Open Access
Open Peer Review

This article has Open Peer Review reports available.

How does Open Peer Review work?

Psychoeducation versus treatment as usual in diabetic patients with subthreshold depression: preliminary results of a randomized controlled trial

  • Mirjana Pibernik-Okanovic1Email author,
  • Drazen Begic2,
  • Dea Ajdukovic1,
  • Natasa Andrijasevic1 and
  • Zeljko Metelko1
Trials200910:78

https://doi.org/10.1186/1745-6215-10-78

Received: 15 May 2009

Accepted: 26 August 2009

Published: 26 August 2009

Abstract

Background

Research on the effects of treating sub-threshold depression in persons with diabetes is scarce in spite of the findings indicating that this condition is highly prevalent in the diabetic population and may increase the risk of developing a subsequent major depression. This study was aimed at exploring the effects of a psycho-educational intervention on depression- and diabetes-related outcomes in patients with mild to moderate depressive symptoms.

Methods

A randomized controlled study design with a one-year follow-up was used. Fifty patients with mild to moderate depressive symptoms (74% female, aged 57 ± 9 yrs, diabetes duration of 10 ± 8 yrs, BMI 31 ± 6 kg/m2, HbA1C 7.7% ± 1.4, 53% insulin treated) were randomly assigned to either an intervention or a control group. The intervention group underwent four psycho-educational sessions aimed at enabling self-management of depressive symptoms. The control group was informed about the screening results and depression treatment options while continuing diabetes treatment as usual. Both groups were contacted by phone in 2–3-month intervals, and re-assessed for depression after 6 and 12 months. Changes in depressive symptoms and glycaemic control were considered primary outcomes. Mann-Whitney U test and Friedman ANOVA were used to compare between- and within-group indicators at 6- and 12-month follow-ups.

Results

Both the intervention and the control group reported a significant decrease in depressive symptoms as measured by the CES-D scale (Friedman ANOVA χ2 = 10.8 p = .004 and χ2 = 7.3 p = 0.03, respectively). The 6-month and 1-year indicators of glycaemic control as compared to baseline HbA1C values were also improved in both groups (χ2 = 11.6 p = 0.003 and χ2 = 17.1 p = 0.0002, respectively). Between-group differences in depressive symptoms and HbA1C values were not statistically significant either at 6- or at 12-month follow-up (all p > 0.05).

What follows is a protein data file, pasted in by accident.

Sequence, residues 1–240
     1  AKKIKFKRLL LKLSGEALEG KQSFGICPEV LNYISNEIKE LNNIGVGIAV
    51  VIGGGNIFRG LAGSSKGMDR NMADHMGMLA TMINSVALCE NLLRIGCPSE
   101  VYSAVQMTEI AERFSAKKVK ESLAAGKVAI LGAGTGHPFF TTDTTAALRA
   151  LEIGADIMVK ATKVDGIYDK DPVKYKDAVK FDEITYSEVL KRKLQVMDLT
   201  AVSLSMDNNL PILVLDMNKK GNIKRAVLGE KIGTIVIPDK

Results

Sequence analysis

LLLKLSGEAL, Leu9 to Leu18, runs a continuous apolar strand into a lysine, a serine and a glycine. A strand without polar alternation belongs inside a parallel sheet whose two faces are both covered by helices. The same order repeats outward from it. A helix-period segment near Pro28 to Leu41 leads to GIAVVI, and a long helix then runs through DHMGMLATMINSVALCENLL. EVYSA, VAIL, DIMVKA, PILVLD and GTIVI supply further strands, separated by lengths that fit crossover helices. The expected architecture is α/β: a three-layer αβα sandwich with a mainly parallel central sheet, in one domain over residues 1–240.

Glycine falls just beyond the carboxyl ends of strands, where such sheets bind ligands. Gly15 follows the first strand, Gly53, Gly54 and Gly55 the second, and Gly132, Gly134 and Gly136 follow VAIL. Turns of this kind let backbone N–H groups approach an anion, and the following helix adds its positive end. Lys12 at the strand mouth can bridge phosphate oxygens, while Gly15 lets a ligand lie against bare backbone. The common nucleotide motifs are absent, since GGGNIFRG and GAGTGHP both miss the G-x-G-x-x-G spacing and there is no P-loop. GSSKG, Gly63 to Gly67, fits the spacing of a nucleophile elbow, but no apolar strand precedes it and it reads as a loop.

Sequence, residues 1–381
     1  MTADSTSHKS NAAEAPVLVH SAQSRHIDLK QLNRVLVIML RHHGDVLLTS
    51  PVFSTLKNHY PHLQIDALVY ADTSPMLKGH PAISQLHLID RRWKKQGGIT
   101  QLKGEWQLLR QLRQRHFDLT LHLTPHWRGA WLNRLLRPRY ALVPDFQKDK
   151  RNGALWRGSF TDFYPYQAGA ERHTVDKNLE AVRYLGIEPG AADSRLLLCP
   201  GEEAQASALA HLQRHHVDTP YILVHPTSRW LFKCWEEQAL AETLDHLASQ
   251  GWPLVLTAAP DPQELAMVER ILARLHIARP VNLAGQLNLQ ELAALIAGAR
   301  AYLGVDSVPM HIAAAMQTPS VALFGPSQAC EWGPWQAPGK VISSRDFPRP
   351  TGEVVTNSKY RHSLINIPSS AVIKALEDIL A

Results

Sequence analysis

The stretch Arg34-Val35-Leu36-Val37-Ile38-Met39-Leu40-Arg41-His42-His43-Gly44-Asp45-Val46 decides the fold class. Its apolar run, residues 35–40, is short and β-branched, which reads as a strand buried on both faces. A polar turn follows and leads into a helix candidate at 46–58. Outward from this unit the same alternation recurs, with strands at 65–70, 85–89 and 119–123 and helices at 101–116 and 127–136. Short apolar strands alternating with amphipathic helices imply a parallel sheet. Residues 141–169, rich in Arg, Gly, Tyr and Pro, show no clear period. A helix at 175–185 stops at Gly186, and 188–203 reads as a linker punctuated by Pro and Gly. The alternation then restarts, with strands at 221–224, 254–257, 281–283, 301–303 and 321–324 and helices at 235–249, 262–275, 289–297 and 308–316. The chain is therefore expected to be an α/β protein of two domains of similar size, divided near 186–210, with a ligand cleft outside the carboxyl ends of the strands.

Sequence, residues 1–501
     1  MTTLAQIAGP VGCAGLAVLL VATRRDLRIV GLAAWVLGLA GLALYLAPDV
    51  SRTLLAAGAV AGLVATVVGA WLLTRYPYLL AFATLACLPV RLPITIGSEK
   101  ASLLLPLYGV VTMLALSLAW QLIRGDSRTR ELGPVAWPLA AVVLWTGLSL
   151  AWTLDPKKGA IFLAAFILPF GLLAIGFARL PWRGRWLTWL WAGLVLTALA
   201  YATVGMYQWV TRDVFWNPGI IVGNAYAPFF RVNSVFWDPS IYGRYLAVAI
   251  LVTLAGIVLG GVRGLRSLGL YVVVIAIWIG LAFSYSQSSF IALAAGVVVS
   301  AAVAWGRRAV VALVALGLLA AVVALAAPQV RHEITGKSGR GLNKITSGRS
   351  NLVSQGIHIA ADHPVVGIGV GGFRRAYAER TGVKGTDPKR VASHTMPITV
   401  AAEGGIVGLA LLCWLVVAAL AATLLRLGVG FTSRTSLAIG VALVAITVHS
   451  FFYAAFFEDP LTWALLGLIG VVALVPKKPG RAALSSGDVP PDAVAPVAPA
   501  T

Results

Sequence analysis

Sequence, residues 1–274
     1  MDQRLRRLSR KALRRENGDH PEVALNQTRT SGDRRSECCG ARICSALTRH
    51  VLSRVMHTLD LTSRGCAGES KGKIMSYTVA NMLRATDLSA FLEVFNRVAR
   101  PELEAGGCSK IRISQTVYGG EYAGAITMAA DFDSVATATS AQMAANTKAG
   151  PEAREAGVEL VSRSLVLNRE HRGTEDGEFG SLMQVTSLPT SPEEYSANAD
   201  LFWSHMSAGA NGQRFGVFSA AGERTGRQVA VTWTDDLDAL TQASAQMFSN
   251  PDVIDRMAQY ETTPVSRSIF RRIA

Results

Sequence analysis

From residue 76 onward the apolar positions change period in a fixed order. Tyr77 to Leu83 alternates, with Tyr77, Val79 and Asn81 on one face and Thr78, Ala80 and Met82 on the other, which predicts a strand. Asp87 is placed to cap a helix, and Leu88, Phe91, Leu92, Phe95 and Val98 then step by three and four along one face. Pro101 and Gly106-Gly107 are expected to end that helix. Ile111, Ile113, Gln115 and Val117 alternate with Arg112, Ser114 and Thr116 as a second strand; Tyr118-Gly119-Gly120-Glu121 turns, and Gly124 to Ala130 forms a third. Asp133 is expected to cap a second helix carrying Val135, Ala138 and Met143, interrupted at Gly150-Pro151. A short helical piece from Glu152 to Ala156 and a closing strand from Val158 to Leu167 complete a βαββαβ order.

Conclusion

Psycho-educational treatment appears to be beneficial in diabetic patients with mild to moderate depressive symptoms, but its effects are comparable with the non-specific support given to the subjects in the control group.

Trial registration

Current Controlled Trials ISRCTN58745372

Background

The prevalence of depression in diabetes is approximately twice as high as in the general population [1], implying a synergistic interaction between the two conditions that increases the risk of poor health outcomes [2].

In comparison with patients with diabetes alone, patients with both diabetes and depression have been shown to have poorer self-management (i.e. adherence to diet, exercise regimen and blood glucose monitoring) and significantly more lapses in refilling oral hypoglycaemic, lipid-lowering and antihypertensive prescriptions [3, 4]. Depressed patients with diabetes are also significantly more likely to have cardiac risk factors such as smoking, obesity and sedentary lifestyle, compared to those with diabetes alone [5]. Depression is associated with an increased risk of metabolic dysregulation [6], micro- and macrovascular complications [7], and mortality [8].